by Lord Curzon, who today communicated the suggestion to the *** *** ***
including the Americans *** *** *** would be taken to allow Ismet to confer
with the Angora Government in person, conversations with the Turkish
delegates reveal another idea, namely, that the Brussels conference may
produce a change in the complexion of the allied negotiations with the
Turks. The Turks feel that the allied unity at Lausanne which they did not
expect, is due to a bargain between England and France by which England has
promised France aid in the solution of the latter's economic problems,
including reparations.
The Turks reason that after the Brussels Conference the French will
either have the fruits of their bargain or will be ready to act against
Germany without British help. In either eventuality they calculate that
France may be ready to stand less firmly by the side of England against
It seems scarcely believable that the Poincare Government could have
given the Turks any encouragement in such hopes, but nevertheless the Turks
seem confidential that they will lose nothing by waiting.
Turks Working With Russians.
On the issue of the Straits the Russians, whose chief delegate, George
Tchitcherin, arrived tonight, are ready to fight to the end the British
claims, whatever they may be. The Turks so far are working closely with the
Russians and are denying the British demands for the demilitarization of the
Straits. Coached by the Russians, they now refuse to listen to the proposal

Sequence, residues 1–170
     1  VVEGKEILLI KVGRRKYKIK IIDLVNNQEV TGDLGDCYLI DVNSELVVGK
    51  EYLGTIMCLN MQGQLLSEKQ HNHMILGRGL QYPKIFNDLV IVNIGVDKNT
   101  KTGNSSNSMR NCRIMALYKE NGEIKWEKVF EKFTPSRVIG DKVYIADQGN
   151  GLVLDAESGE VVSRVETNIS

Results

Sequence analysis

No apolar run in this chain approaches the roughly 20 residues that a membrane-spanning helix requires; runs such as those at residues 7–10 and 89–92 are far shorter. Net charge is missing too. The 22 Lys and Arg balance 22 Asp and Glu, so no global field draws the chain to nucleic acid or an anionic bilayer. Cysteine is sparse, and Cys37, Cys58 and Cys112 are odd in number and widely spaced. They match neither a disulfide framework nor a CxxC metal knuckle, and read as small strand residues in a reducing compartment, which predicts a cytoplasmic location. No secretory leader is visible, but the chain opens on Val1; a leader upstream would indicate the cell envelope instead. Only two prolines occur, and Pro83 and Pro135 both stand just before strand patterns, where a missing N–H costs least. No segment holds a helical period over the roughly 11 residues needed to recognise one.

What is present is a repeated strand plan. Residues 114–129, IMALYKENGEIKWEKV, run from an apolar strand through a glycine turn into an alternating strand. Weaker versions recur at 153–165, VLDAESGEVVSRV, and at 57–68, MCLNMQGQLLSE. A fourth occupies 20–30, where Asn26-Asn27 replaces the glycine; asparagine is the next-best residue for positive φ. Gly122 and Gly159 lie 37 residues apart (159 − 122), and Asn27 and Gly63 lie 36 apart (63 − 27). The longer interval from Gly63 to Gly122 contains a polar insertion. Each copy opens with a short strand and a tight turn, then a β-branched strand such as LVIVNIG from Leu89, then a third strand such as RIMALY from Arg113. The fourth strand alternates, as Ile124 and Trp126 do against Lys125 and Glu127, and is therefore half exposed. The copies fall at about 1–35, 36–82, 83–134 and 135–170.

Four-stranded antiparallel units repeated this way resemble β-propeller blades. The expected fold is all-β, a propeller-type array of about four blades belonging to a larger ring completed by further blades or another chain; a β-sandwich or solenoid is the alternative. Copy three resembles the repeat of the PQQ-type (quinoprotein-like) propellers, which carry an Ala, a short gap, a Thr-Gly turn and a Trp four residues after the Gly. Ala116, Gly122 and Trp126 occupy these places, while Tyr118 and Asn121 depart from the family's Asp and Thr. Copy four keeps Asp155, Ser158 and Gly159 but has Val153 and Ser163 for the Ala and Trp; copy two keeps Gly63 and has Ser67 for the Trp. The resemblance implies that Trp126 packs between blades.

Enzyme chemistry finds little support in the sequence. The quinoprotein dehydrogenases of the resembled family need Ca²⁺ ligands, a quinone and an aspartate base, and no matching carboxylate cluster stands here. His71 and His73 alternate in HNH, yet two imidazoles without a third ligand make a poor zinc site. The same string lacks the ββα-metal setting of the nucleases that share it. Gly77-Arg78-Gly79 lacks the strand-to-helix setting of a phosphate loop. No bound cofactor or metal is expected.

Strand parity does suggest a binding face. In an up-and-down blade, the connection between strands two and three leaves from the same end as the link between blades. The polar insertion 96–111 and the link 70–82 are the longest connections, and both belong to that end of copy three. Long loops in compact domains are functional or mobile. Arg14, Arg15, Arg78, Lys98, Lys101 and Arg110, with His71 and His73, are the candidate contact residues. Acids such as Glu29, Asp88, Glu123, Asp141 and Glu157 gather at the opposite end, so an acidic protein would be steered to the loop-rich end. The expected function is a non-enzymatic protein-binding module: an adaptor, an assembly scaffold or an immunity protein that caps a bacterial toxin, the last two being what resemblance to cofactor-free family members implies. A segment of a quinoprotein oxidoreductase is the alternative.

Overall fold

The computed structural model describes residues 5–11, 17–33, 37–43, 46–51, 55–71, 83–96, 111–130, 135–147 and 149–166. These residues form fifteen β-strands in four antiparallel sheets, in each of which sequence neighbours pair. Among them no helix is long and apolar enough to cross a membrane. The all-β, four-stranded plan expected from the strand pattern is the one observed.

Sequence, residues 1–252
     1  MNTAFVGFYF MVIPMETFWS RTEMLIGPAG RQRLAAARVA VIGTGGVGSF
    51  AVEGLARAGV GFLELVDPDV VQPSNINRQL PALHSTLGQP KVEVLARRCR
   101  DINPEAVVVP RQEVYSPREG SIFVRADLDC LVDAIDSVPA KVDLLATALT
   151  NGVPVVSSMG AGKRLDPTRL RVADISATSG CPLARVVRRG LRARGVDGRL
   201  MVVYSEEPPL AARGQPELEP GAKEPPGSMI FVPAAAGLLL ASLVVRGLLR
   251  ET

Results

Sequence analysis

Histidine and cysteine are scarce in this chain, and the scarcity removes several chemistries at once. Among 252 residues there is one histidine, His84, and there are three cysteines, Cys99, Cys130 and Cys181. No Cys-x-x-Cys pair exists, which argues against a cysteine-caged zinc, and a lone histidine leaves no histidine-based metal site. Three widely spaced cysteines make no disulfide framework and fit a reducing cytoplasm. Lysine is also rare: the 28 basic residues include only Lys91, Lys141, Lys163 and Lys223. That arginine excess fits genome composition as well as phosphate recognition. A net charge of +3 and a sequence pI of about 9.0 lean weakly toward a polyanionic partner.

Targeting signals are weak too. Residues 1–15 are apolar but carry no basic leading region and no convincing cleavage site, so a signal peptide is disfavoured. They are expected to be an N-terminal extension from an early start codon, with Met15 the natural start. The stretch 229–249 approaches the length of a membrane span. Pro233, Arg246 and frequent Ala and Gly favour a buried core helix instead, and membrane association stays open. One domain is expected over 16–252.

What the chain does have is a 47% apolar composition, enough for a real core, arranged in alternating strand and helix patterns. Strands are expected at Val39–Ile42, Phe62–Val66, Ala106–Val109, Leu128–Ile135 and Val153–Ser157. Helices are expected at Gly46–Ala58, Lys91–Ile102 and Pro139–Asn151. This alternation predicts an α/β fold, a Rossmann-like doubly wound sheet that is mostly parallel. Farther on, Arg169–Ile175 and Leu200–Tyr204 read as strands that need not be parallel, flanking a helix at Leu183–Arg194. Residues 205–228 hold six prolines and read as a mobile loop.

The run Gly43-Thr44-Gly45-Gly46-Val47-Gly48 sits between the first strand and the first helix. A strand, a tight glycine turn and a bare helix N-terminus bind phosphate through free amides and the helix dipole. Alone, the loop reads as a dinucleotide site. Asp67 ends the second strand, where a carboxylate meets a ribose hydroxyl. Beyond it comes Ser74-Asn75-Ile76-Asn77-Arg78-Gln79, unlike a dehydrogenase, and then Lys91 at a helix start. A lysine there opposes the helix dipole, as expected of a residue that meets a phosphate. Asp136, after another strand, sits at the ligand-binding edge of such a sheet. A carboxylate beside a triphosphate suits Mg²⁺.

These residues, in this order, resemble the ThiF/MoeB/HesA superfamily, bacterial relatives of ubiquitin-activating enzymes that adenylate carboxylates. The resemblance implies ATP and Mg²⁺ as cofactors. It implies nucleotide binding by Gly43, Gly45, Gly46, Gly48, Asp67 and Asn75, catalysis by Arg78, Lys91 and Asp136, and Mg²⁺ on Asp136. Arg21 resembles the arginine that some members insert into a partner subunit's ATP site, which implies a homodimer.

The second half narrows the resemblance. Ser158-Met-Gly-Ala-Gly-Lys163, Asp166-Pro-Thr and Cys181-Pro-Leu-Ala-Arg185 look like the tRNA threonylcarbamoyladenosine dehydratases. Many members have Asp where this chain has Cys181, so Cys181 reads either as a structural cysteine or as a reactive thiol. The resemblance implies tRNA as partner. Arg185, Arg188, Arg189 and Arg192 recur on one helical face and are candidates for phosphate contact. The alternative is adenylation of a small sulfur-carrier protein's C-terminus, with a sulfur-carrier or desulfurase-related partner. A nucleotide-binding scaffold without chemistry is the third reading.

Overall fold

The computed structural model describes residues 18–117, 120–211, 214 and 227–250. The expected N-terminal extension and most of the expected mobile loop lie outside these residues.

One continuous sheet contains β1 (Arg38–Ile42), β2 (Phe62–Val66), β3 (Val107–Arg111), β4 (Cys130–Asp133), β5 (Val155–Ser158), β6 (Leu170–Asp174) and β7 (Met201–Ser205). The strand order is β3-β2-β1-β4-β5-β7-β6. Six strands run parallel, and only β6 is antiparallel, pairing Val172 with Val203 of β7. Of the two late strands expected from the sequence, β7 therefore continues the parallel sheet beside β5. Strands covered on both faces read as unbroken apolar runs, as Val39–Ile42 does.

to have the League of Nations guard the Straits, although three weeks ago in
Paris, Ismet said that the solution would be acceptable. While the British
demand the right to send their warships through the Straits into the Black
Sea, the Russians demand that the Straits be closed to all warships, as
before the World War.
With respect to the European frontier the Turks demand a bridgehead on
the western side of the Maritsa River, on the ground that it contains the
railroad station of Adrianople. The Allies refuse to allow the Turks to
cross the Maritsa, on the ground that it gives them an excellent bridgehead
for offensive operations in Europe.
The Anatolian frontier issue hinges on the Mosul oil fields, which the
British intend to keep within the borders of the Mesopotamian mandate, but
which the Turks claim for themselves.
On none of these three issues has the slightest progress been made
toward a settlement.
It is true the Turks maintain stoutly that the British have made them